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China-themed cyber espionage group Patchwork expands to UK targets

According to a new report from Symantec, the China-themed cyber espionage group Patchwork has broadened its range of targets to include UK-based companies.

In the report, the firm describes how the group, which has gained the nickname Dropping Elephant, uses Chinese-themed content in order to draw victims to unsecure websites with the intent of installing malware onto their devices.

Patchwork originally focused on government organisations and their employees. However, now it has widened its scope and has set its sights on finance, energy, aviation NGOs and other high-end sectors.

In a blog post on its site, Symantec has laid out just how the group has expanded its operations, saying: “Patchwork originally targeted governments and government-related organisations. However, the group has since expanded its focus to include a broader range of industries.”

“According to Symantec telemetry, targeted organisations are located in dispersed regions. Although approximately half of the attacks focus on the US, other targeted regions include China, Japan, South East Asia and the UK.”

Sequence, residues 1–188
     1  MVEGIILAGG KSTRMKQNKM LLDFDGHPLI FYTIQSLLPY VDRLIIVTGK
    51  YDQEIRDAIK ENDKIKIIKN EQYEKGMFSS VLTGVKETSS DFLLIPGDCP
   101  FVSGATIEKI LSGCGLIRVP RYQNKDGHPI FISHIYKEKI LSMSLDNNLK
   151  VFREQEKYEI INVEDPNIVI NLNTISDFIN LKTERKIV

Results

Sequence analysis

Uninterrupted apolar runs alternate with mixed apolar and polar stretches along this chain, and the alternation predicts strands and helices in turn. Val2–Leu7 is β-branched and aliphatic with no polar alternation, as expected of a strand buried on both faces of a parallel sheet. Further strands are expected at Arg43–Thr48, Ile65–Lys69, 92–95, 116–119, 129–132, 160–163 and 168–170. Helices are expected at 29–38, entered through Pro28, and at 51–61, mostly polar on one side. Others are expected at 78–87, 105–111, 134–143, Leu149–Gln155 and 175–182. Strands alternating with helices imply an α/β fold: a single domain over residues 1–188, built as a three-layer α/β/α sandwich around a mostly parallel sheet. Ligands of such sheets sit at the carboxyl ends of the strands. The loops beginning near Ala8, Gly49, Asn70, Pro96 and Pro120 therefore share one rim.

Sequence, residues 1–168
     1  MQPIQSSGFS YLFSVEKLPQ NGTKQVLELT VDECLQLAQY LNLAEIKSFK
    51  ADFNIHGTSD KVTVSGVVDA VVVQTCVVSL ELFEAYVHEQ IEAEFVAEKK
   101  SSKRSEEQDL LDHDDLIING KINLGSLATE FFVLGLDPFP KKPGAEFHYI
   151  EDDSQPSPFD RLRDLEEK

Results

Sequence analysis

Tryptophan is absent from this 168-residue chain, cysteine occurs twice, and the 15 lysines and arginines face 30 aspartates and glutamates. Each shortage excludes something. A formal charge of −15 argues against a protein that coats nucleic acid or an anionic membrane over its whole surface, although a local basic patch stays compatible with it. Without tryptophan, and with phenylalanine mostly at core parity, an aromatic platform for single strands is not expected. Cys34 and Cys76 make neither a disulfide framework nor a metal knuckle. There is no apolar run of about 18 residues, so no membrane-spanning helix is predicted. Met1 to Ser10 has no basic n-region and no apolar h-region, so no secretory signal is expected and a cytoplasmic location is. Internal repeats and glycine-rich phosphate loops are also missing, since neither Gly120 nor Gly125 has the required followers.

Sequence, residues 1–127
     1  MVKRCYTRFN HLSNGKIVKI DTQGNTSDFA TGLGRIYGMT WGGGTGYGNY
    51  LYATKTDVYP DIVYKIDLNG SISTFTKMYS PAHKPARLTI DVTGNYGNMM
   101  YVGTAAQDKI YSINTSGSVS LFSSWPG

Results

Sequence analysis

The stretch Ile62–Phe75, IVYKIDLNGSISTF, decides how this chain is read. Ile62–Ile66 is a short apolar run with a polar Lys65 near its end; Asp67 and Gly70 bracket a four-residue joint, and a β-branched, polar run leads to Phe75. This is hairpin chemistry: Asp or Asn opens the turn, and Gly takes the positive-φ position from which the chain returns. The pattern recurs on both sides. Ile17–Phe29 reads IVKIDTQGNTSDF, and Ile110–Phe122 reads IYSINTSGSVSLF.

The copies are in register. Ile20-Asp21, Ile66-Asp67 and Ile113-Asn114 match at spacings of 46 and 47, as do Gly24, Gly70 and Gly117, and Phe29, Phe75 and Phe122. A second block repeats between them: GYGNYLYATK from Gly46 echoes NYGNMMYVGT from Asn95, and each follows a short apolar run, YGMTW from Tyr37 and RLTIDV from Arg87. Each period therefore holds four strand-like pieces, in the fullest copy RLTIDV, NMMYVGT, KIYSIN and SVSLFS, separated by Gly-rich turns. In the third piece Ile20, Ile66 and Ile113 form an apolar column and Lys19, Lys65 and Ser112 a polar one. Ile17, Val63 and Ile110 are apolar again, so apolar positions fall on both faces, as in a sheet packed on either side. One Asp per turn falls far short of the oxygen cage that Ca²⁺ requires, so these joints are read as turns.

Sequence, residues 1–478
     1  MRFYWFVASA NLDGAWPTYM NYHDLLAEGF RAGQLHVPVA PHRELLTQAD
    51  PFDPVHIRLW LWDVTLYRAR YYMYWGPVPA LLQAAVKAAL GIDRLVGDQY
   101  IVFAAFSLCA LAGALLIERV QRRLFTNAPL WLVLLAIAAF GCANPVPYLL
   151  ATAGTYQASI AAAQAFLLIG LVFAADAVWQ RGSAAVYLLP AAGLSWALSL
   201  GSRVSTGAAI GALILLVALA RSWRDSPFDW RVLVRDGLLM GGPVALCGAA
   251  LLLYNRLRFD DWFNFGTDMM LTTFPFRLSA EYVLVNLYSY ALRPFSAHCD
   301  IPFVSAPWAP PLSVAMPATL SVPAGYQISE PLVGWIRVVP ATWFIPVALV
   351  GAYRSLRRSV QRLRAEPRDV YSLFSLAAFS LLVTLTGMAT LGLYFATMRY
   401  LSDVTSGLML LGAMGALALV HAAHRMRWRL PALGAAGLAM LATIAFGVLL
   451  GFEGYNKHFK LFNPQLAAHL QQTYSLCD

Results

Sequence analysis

Patchwork utilises emails that are sent out via newsletter mailing lists to cosy up to targets it wants to infiltrate. By sending out news stories and announcements that are relevant to recipients, the group tempts them to visit websites hosting malicious content.

On the sites, potential victims are tricked once again into downloading files that generally appear in the form of a Word or PowerPoint document. These files contain trojans that are then used to access the data stored on a user's device.

Symantec also offered insight into how the Patchwork's trojans operate, saying: “While back door trojans wait for commands form the threat actor, they can search for files and uplaod them to the specified server once activated.

"For unknown reasons, both threats use Baidu, the Chinese software vendor, in their routines. The trojans confirm an internet connection by pinging Baidu's server, and create a registry entry with the vendor's name to run every time Windows starts.”

Image Credit: David Carillet / Shutterstock

After getting his start at ITProPortal and then working with the TechRadar Pro team for the last several years, Anthony is now the security and networking editor at Tom’s Guide where he covers everything from data breaches to how to cover your whole home or business with Wi-Fi. When not writing, you can find him tinkering with PCs and game consoles, managing cables and upgrading his smart home.